BOSTON – Researchers found that pupillary light reflex and near point of convergence may serve as objective biomarkers for mild traumatic brain injury, according to a poster presented here at Optometry’s Meeting.
Lead author Jose E. Capo-Aponte, OD, during a session featuring the top posters of the meeting, explained that the study comprised 100 acute non-blast mild traumatic brain injury (mTBI) and 100 age-matched controls between 19 and 44 years old.
Researchers utilized a handheld monocular infrared pupilometer (NeuroOptics, PLR-200) and recorded the following measurements: maximum pupil diameter, minimum diameter, percent of constriction, constriction latency, average constriction velocity, maximum constriction velocity, average dilation velocity and 75% re-dilation recovery time.
The King-Devick (KD) Test was used to determine saccadic eye movement.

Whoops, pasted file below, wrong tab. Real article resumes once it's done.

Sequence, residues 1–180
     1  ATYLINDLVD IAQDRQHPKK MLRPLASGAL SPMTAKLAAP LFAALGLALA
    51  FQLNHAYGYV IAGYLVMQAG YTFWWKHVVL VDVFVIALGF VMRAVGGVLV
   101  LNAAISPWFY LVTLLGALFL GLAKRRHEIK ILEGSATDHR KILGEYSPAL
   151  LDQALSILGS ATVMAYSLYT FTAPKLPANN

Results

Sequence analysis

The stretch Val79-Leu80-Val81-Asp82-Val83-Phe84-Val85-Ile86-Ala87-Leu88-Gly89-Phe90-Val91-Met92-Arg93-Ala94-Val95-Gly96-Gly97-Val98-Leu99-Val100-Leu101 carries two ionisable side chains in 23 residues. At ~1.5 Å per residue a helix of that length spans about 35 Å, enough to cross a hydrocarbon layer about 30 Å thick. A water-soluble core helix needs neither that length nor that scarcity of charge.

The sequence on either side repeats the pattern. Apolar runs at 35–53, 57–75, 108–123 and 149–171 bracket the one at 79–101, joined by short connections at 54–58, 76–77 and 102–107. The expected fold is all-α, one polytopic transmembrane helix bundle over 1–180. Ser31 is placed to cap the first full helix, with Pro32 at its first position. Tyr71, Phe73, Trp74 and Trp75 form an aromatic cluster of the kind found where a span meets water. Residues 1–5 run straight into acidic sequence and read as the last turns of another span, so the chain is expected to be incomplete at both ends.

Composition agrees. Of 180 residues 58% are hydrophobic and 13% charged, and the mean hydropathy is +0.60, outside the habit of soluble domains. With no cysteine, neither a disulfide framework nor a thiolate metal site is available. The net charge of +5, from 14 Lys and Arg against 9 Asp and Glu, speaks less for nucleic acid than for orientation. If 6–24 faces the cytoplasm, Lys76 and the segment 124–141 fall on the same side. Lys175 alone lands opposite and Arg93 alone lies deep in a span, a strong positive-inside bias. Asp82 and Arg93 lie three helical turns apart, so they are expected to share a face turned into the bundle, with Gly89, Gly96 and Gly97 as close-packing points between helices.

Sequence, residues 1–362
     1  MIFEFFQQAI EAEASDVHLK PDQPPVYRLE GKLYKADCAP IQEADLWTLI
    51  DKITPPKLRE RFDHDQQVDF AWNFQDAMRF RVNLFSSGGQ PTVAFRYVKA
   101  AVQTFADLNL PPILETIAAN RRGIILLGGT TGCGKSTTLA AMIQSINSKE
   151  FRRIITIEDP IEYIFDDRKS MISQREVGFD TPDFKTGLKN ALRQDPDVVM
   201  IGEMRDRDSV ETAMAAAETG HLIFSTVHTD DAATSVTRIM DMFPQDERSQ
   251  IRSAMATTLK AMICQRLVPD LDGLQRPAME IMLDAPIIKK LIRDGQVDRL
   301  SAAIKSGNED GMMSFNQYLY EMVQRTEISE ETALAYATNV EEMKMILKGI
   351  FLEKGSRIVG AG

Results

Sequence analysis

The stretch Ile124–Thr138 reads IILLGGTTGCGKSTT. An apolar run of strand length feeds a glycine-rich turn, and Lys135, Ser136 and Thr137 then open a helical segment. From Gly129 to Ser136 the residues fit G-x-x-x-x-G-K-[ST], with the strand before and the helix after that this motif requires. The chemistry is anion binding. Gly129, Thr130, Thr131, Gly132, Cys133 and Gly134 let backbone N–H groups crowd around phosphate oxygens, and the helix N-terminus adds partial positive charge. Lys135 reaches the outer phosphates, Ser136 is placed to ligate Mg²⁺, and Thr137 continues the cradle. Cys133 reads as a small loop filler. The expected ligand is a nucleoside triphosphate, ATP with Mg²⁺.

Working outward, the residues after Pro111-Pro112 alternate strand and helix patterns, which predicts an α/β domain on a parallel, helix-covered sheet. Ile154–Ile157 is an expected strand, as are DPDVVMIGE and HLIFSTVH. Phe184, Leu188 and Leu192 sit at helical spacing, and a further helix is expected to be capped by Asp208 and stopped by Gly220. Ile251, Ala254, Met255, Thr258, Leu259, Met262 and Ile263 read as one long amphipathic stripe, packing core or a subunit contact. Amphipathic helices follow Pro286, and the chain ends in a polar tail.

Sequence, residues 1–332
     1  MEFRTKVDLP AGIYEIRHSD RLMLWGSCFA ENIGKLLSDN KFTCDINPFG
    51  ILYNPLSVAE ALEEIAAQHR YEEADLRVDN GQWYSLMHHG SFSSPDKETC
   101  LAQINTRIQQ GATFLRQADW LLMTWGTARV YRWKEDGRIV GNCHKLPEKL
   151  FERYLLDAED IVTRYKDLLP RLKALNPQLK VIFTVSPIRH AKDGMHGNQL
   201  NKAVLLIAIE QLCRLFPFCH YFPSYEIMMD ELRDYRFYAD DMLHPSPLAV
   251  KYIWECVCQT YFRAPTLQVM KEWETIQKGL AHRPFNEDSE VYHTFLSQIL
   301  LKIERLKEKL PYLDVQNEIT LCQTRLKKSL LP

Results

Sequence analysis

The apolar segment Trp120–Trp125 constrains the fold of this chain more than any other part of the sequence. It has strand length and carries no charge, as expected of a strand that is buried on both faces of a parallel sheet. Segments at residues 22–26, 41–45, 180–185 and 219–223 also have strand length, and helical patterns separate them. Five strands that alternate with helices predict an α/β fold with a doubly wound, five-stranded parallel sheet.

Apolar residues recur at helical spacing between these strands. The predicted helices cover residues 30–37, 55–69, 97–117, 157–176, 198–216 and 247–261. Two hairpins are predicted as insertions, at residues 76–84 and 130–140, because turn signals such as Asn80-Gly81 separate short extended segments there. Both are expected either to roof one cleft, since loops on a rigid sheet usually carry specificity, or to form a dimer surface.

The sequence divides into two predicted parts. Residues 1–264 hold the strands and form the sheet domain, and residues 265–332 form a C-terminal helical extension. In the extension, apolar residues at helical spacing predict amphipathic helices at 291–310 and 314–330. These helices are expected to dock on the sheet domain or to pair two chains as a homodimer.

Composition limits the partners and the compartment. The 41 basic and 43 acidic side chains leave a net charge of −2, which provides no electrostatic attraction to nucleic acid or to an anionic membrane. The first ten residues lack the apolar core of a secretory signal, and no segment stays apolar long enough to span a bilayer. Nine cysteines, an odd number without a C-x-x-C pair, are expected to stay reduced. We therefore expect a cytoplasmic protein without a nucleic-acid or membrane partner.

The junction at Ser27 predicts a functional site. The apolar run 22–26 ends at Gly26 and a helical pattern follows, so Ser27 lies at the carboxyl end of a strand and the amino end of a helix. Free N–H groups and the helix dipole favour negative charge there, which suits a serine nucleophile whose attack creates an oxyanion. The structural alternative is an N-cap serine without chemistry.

Average dilation velocity and 75% re-dilation recovery time were significantly reduced in mTBI subjects, according to researchers. Additionally, near point of convergence (NPC) value, KD Test score and Convergence Insufficiency Symptoms Survey (CISS) score were significantly higher in mTBI patients.
He added that the symptoms of mTBI can mirror post-traumatic stress disorder.
The results strongly suggest that pupillary light reflex and NPC can serve as objective biomarkers for mTBI. CISS and KD Test might be useful for identifying acute mTBI, even considering the subjective component to these tests, the researchers reported. Also the tests are handheld, easy to use, quick, deployable and easily administered by non-providers.
According to Capo-Aponte, 82% of Army TBI cases are considered mTBI cases.
“It is important to return to duty, but it’s also important to find biomarkers for TBI to identify those with mTBI so people can return back to duty, but do so appropriately and by decreasing a soldier’s chance of having another TBI,” he concluded – by Abigail Sutton
Capo-Aponte JE, et al. Validation study of visual objectives biomarkers for acute mild traumatic brain injury. Presented at: Optometry’s Meeting; June 29 – July 2, 2016; Boston.
Disclosure: Capo-Aponte is active duty Army, and the study was supported by the Department of Defense.